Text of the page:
- By Jeff Field -
When I reviewed the Mambo-X MP3 player, I wasn't
very impressed. It did the job, but it was lacking a lot of features I thought were pretty obvious. It's been a few
months since that review, and newer players are out, with better features. The Rio line of MP3 players has been around since the beginning, and it
is no surprise that Rio parent company Sonicblue has a CD-MP3 player. So, how does it stack up?
The first thing I noticed out of the box was how sleek the Rio Volt unit was. The Mambo-X looked like my clunky old Discman, while
the Rio looks very compact and modern; in fact, it even fit in my pocket rather well. On the face of the unit are the controls for play,
stop, skip/search, program, mode, equalizer, volume, navigate and +10 (which skips along 10 tracks). To be
fair to the Mambo-X, there has been a new model since my review, but the difference in design between the Mambo-X and the Rio is amazing. On the Rio, there is a hold switch on the side of the unit and on the underside is a switch you use to set the length of shock protection on CDs. Regardless of this setting, MP3s always have 120 seconds of shock protection. I was unable to get the unit to skip under MP3 or AudioCD use when shock protection is set to 40 seconds.
Battery life on the unit is advertised as up to 15 hours on two AA batteries. In my experience,the actual battery life is 13 or 14 hours, but it is still plenty of juice for two AA batteries. One feature I find interesting about this unit is that while playing songs, it will spin the CD down and play from the buffer, meaning it will not skip and it does not have to use power for the motor. This greatly helped Sonicblue increase battery life on the unit, and I would suspect other players will copy this feature soon.
The remote on the unit, while not an Ir remote like on the Mambo-X, is quite good. It attaches as a pass-through between the player and the headphones. The remote has play, stop, search and skip functions, as well as its own hold and equalizer buttons. This is nice when used with the included carrying case, which has a hole in it for the remote and headphones to fit through, letting you use the remote (which is clip-on) while you jog or do anything else where you can't access the player directly. What is missing from this remote is the skip 10 button (which would be so much more useful than an equalizer) or direct-digit access to tracks. The remote is useable, but not as convenient as it could be.
Included in the box were an AC adapter, the getting started guide, earbud headphones (not very good earphones, but they are earphones nonetheless), Windows and Mac "audio management software," two AA batteries, the remote, the carrying case, and the unit itself. The carrying case can slide onto your belt and is made of a flimsy material. If you want actual protection for the unit, rather than just something to hold it, you will need to look elsewhere, but for someone who is just going to jog, bike or walk with the unit, the carrying case is adequate.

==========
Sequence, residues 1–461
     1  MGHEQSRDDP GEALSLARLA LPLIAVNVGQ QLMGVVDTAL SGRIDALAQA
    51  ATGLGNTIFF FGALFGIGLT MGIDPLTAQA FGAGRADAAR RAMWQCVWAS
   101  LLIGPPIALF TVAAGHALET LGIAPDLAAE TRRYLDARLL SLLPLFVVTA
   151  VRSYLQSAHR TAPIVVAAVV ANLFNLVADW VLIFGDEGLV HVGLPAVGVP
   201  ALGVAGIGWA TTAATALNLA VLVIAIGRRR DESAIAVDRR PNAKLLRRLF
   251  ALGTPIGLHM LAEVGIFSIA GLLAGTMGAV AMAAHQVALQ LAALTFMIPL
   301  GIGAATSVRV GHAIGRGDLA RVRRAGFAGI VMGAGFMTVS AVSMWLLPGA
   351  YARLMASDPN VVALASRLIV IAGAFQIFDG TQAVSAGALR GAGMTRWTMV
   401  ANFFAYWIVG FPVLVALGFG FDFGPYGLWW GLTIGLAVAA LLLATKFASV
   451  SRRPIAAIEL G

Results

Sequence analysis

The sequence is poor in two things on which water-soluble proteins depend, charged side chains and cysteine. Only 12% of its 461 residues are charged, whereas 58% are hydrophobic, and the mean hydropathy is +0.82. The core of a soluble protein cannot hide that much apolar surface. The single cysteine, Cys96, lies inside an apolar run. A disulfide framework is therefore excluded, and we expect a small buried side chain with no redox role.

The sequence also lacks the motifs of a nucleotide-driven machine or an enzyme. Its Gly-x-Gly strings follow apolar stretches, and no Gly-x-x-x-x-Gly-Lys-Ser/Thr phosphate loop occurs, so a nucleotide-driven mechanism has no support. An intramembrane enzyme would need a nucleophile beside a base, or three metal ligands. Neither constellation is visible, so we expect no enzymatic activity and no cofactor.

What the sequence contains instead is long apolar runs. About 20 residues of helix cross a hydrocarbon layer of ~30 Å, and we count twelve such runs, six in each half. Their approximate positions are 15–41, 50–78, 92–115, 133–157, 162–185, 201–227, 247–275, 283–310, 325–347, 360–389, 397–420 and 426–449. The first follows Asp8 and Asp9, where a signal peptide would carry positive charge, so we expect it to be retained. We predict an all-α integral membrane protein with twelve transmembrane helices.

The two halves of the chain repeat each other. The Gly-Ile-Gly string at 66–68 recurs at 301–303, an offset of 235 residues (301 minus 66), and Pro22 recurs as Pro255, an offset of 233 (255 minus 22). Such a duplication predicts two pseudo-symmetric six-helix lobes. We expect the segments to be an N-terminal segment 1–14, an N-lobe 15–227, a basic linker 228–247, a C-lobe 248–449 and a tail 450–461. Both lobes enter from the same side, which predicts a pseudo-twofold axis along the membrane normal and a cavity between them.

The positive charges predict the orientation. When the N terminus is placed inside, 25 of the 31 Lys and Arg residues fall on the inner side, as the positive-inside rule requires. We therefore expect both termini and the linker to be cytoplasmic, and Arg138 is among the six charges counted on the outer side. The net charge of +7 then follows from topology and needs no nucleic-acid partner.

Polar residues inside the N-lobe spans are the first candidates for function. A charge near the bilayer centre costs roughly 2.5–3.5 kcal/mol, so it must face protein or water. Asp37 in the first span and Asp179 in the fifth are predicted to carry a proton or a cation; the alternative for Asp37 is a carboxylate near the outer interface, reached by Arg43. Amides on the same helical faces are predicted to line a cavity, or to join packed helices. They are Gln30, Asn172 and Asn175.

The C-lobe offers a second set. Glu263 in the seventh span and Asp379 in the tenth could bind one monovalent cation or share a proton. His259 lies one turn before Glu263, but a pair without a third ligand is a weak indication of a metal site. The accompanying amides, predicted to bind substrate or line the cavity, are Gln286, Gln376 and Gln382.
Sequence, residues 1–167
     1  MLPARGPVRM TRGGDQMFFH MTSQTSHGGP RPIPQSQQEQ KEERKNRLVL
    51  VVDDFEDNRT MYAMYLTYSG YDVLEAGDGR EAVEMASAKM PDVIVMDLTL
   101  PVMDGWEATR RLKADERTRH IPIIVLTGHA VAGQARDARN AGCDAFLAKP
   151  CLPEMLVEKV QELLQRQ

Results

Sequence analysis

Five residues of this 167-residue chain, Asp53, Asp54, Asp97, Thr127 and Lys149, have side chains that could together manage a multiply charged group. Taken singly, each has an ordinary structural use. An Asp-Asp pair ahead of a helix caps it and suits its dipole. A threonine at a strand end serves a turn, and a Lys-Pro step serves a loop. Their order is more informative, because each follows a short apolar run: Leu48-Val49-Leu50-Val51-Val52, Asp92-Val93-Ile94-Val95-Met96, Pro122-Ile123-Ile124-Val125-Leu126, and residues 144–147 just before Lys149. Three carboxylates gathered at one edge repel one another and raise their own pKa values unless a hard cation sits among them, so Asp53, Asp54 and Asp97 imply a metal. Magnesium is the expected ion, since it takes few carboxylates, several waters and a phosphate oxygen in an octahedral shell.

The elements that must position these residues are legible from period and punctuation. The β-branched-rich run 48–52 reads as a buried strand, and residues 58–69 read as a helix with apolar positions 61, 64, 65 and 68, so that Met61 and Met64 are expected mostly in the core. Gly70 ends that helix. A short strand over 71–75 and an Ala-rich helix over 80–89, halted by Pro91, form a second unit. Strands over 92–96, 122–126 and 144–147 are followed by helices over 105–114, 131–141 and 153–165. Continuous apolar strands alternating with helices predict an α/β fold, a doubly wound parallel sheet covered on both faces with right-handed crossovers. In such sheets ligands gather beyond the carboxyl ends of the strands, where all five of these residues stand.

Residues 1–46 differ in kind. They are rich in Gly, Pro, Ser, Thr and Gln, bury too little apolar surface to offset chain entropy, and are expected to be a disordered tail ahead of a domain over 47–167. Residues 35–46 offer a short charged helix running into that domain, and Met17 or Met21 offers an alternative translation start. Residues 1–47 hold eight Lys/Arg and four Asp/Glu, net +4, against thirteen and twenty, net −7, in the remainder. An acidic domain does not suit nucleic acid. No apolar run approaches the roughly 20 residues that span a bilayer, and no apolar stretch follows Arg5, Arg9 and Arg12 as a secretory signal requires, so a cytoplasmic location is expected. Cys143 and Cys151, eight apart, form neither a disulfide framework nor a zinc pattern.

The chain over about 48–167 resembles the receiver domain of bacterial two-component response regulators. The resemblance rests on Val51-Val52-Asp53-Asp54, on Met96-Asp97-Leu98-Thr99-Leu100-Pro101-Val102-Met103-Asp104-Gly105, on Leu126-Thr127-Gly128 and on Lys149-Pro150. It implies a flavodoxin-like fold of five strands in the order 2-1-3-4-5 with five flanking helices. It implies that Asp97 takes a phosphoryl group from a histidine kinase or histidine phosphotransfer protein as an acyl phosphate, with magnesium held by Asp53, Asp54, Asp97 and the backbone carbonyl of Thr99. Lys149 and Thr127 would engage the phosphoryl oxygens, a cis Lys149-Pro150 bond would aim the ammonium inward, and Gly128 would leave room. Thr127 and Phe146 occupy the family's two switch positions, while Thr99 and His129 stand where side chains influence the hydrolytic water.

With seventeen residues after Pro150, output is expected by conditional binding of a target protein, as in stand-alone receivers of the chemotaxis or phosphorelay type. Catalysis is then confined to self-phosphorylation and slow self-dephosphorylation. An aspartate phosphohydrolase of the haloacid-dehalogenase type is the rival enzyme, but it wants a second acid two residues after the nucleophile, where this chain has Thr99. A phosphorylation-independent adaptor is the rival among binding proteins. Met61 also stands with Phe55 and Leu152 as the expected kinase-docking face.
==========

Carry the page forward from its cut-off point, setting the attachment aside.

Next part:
The limitations on the Rio Volt are significantly less than those on the Mambo-X I reviewed. The Rio Volt can read multisession CDs and can handle bit rates up to 320Kbps, two functions the Mambo-X could not do. The Rio Volt supports several audio formats, including MP3, WMA (Windows Media, not something relevant to Linux users), and AudioCD, with the ability for more formats in the future with upgrades.
This is another feature on the Rio not found in the Mambo-X -- with the Rio, you can download Firmware updates. The unit I got had Firmware version 1.08f, and I went to see if there were updates. As it turns out, the latest update is 2.00, which adds new features and fixes issues with the player.
I downloaded the Firmware update, but the problem is the Firmware update is a self extracting Windows EXE, so you either need to run it through WINE, or find a Windows machine. Once you do get to the file needed (IMP-100.HEX), you burn it to a CD-RW (burning it to a CD-R would be wasteful because you need only use it once), put the CD in the unit, and hit play. The unit will start upgrading the Firmware, and then shut off. Remove the CD (and erase it so it doesn't try to upgrade every time you insert that CD) and play as normal. The only thing to be careful of is power interruptions. I recommend you use the AC adapter because if the batteries die while upgrading, you can render the player inoperable.
Using my own headphones, rather than the ones included with the player, I got good sound quality playing back 128Kbps and 192 Kbps MP3s. I could not notice the difference between the same track on a CD and the MP3 file. I was quite impressed by this -- I fit 150 songs in place of the usual 10 to 15 on a CD, and I did it with no noticeable reduction in quality, at least to my ears.
While I was hesitant to recommend the Mambo-X to people, I feel no such reservation with the Rio Volt. I am purchasing one, and I feel justified recommending it to others. With excellent features and a good design, it is a player you should consider buying. It is a little more expensive than some other players, such as those that use flash memory to store data, but in the end I think it is a better deal, especially when compared to flash storage devices, which do not hold nearly as many songs. The RioVolt can be found for around $150 on Pricewatch.